To simplify the process of regular updation of KYC of each bank account holder, RBI has amended the scope of video based customer identification process (V-CIP) and has set minimum infrastructure requirements for undertaking the revised process of customer due diligence. Last month, RBI classified all investments made in foreign based Alternative Investment Fund (AIF) as ‘overseas direct investment’ and permitted it under the automatic route. Further, RBI has made it mandatory for prepaid payment instrument issuers to allow interoperability between different prepaid payment instruments and allow limited cash withdrawal for KYC compliant customers.

Alongside the relaxations covered above, the Government of India is attempting to regulate the online space. The Information Technology (Intermediary Guidelines and Digital Media Ethics Code) Rules, 2021 came into force on February 25, 2021 regulating intermediary platforms and digital media. These rules prescribed a timeline for ‘significant social media intermediaries’ to comply with the additional compliance requirements latest by May 25, 2021. Pursuant to these rules, on May 26, 2021, Ministry of Information & Broadcasting issued a public notice to all digital media publishers seeking information on the appointment of Grievance Redressal Officer, amongst the status of other compliances prescribed for digital media under the new rules.

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From the Docket

In Madurai Power Corporation Private Limited (MPCPL) v. Tamil Nadu Generation and Distribution Corporation Limited (TNGDCL) and State Load Dispatch Centre (SLDC), the Tamil Nadu Electricity Regulatory Commission passed an order in favour of the TNGDCL setting aside the MPCPL’s claims. In this matter, TNGDCL denied making payments to MPCPL for electricity injected into the Grid despite zero power dispatch instructions of SLDC. The Commission ruled that zero power dispatch instructions and Merit Order Ranking system are valid and enforceable in law. Further, MPCPL had the right to challenge such instructions before the Commission immediately but did not have a right to inject power into the Electricity Grid against the orders of the designated regulatory authorities.

In v. Union of India, the High Court of Delhi while adjudicating on a petition for removal of offensive content from online websites framed a template of directions that a Court may pass in a given matter for removal of content in an effective manner. These template directions are framed after review of the current regulatory framework in India and foreign countries.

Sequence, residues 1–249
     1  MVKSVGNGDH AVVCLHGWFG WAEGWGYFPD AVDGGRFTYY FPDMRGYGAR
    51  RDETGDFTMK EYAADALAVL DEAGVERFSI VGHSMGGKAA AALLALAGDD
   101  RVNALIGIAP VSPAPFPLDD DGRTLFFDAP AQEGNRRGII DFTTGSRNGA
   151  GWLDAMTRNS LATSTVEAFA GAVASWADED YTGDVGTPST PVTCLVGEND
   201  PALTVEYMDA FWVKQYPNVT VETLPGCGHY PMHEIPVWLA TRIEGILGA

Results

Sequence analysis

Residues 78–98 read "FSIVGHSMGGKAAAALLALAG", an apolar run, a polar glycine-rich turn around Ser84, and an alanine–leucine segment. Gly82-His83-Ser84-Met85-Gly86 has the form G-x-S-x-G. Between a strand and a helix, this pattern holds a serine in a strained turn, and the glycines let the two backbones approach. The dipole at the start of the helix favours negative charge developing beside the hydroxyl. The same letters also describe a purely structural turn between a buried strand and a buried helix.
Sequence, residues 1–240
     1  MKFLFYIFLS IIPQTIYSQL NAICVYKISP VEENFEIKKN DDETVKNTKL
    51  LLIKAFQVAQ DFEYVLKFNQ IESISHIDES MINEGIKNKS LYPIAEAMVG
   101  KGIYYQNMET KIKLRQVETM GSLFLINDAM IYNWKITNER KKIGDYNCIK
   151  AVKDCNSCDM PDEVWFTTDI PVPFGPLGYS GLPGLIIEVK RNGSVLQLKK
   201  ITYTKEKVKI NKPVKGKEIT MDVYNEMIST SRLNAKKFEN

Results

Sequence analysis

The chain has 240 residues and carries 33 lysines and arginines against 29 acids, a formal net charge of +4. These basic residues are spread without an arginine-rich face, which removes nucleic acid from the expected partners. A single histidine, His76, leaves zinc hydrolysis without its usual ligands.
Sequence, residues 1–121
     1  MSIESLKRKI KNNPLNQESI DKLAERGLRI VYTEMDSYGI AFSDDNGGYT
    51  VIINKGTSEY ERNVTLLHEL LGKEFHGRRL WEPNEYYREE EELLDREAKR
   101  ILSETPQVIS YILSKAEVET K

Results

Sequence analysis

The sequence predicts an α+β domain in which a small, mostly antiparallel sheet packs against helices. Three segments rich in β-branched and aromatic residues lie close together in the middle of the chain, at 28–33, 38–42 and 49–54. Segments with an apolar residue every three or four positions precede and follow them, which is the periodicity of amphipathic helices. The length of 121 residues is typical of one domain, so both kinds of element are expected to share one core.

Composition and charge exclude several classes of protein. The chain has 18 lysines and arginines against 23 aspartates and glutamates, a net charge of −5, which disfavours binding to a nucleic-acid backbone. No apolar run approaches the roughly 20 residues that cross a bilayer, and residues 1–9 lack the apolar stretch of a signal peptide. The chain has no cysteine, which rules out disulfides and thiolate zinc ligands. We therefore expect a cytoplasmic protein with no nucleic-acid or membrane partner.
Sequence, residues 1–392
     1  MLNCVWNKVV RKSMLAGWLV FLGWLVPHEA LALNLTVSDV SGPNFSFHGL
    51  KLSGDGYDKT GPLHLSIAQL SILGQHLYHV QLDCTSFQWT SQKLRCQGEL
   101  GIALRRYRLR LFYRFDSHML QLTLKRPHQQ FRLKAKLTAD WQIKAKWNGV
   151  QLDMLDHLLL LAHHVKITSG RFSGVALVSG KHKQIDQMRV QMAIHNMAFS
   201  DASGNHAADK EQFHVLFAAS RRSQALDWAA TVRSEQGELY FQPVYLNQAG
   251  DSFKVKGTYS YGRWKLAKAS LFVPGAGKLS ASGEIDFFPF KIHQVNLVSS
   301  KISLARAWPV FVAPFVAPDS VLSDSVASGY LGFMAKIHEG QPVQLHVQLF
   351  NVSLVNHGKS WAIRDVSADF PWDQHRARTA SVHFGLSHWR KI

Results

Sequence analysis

In M.P. Power Trading Co. Ltd. and Another v. Narmada Equipments Private Limited, the Supreme Court held that the State Electricity Commissions are vested with statutory powers under Section 86(1)(f) of the Electricity Act, 2003 to adjudicate on disputes between the licensees and generating companies and also refer them to arbitration, if required. In this matter, Supreme Court overturned the order passed by the High Court, emphasizing on the distinct and special provision i.e. Section 86 of the Electricity Act, 2003. The Court opined that this special provision shall override the High Court’s power to appoint arbitrators under the provisions of the Arbitration and Conciliation Act, 1996.

In Uttar Pradesh Power Transmission Corporation Limited v. CG Power and Industrial Solutions Limited, the Supreme Court of India held that cess under the Building and Other Construction Workers’ Welfare Cess Act, 1996 cannot be levied on contracts which do not involve any construction activities and are works (other than those covered in civil works category). It clarified that that mere installation/ erection of pipelines, equipment for generation, transmission, or distribution of power, electric wires, transmission towers at a project site do not amount to construction work and therefore cess cannot be levied on such contracts under the Building and Other Construction Workers’ Welfare Cess Act, 1996. Further, it held that the contracting parties cannot withhold payments in lieu of a cess payable under a statutory provision unless the contract between the parties provides such a clause, as the statute provides for a mechanism to recover such cess from the contractor.